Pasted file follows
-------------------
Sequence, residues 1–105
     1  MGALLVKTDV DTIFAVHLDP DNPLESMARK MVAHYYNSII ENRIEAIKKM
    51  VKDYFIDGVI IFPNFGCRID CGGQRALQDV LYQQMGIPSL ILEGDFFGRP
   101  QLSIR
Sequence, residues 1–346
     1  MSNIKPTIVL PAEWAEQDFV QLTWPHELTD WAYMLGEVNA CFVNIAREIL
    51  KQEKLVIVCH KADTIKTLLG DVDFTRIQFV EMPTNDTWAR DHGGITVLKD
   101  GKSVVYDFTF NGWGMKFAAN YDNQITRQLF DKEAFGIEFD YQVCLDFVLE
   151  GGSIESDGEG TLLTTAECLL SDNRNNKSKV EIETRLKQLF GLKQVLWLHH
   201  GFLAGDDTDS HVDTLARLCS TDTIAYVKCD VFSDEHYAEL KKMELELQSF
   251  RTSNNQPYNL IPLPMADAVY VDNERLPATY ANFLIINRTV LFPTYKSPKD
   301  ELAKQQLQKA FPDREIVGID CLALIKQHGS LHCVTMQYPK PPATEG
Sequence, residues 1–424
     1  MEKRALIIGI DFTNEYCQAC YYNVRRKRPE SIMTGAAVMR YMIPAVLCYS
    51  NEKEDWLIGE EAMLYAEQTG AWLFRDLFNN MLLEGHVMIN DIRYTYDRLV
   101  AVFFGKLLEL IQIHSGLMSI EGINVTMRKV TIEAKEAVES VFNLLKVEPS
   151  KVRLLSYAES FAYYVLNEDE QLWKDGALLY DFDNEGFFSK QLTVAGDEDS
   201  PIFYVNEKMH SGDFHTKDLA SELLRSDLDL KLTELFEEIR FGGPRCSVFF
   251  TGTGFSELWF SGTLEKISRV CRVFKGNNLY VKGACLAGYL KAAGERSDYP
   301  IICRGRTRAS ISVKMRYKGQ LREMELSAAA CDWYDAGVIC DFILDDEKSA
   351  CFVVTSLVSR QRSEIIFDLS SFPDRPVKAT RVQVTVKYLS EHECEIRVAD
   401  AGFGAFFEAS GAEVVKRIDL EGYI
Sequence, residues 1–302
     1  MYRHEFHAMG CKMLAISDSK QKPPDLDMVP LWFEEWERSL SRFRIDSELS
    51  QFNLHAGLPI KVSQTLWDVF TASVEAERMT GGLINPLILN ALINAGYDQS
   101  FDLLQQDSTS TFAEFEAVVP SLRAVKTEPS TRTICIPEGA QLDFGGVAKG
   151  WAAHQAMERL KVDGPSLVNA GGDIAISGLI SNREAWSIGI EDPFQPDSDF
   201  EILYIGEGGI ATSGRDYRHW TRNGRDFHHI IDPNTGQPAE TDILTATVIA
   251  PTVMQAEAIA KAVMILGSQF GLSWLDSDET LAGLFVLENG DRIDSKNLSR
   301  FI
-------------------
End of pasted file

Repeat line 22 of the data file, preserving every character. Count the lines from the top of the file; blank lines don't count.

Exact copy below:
   401  AGFGAFFEAS GAEVVKRIDL EGYI